Most of file formats IDA handles are structured in a linear way, for example EXE or ELF or Java's Class file and so on.
However when it comes to tree-structured file format, I can't come up with a good way to properly handle them.
For example, recently I met a obfuscated PYC file, and the code has an OLLVM-like obfuscation plus some junk bytes, so a strong disassembler like IDA is needed. The PYC file format is in fact some magic byte + python marshal data, which is easy to parse. However, the marshaled data is in tree structure. Here's an example: http://www.beesfun.com/2017/04/01/PyCodeObject%E5%92%8Copcode/
As you can see in the parsed result, the root object is a
module whose consts contain other functions in module, and the function in module can also have sub-functions in their consts.
dis module or
pytype can be used to parse the PYC file
Like Java's compiled file, PYC stores bytecodes and some metadata for each functions, functions call each other with name instead of address, bytecode believe the address starts from 0 in every function. So I studied the source code of module/java in idasdk73, trying to understand how the developers from HexRays cope with the Java class file format.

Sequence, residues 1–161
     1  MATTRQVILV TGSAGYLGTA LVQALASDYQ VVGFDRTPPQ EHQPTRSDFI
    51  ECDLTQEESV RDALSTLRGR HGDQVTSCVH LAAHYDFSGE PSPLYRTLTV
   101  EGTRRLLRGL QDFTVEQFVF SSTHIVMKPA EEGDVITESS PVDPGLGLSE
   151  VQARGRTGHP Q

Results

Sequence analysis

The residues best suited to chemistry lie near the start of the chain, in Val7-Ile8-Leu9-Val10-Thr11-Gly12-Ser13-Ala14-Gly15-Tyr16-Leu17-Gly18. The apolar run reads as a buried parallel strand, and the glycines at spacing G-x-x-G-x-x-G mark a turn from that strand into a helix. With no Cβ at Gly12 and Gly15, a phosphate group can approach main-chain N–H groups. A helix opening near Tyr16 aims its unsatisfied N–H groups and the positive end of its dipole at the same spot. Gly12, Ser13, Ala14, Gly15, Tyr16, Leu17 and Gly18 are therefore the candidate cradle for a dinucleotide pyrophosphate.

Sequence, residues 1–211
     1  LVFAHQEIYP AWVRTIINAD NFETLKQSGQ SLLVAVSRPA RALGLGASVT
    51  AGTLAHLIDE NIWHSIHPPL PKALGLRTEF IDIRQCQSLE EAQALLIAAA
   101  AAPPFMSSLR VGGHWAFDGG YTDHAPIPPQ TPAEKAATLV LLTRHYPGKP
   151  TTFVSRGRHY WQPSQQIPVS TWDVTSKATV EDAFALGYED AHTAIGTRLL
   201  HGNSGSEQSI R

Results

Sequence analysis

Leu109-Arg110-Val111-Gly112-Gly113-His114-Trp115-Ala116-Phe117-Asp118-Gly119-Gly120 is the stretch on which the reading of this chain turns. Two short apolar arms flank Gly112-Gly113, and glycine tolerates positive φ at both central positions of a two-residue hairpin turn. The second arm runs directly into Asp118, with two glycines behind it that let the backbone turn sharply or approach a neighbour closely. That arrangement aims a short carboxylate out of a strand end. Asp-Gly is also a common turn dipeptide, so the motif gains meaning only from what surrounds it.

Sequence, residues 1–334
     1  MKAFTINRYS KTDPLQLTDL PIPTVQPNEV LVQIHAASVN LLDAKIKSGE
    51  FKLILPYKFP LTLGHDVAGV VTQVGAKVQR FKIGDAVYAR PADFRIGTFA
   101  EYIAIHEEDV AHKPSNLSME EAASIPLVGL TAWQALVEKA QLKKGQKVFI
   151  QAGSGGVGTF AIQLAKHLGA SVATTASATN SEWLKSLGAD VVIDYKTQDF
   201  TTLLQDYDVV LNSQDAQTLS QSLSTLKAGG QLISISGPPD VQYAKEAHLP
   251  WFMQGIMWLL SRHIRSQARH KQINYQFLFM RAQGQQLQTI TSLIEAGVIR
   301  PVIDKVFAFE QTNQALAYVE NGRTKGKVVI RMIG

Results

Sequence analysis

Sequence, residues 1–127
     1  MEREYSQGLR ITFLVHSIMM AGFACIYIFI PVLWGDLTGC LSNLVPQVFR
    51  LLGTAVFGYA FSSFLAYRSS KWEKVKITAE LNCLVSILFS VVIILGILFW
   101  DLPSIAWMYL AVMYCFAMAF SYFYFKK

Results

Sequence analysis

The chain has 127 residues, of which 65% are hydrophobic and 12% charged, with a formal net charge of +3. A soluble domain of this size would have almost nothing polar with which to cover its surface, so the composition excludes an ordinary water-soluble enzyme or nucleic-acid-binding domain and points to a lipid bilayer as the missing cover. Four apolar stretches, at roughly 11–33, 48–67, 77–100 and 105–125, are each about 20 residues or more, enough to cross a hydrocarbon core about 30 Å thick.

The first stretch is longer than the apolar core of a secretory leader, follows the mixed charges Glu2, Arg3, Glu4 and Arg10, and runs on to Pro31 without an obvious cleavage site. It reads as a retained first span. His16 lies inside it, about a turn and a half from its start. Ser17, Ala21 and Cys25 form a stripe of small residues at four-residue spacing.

Then I found Java module in IDA are making a separate segment for each method and slot area. Because the python bytecode assume address starts from 0 in every function, and in every function there's a separate const pool which is also indexed from 0, I decided to create a header segment, a code segment and a const segment. But this same way won't work for a PYC file, as the PYC format is tree-structured (sub-functions are stored in parent const pools), and IDA does not allow overlapped segments. So I can't make the consts area a single segment.
But if I create a segment for each const, there will be tens of thousands of segments if the original py file is big.
Is there a better way to make a loader for the tree-structured format like PYC?